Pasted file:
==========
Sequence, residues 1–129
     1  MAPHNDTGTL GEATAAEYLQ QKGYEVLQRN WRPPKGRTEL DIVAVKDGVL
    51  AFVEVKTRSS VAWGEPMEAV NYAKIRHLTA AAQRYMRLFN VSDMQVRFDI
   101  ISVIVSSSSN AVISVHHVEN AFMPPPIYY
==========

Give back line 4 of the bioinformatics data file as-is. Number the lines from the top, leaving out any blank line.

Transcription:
   101  ISVIVSSSSN AVISVHHVEN AFMPPPIYY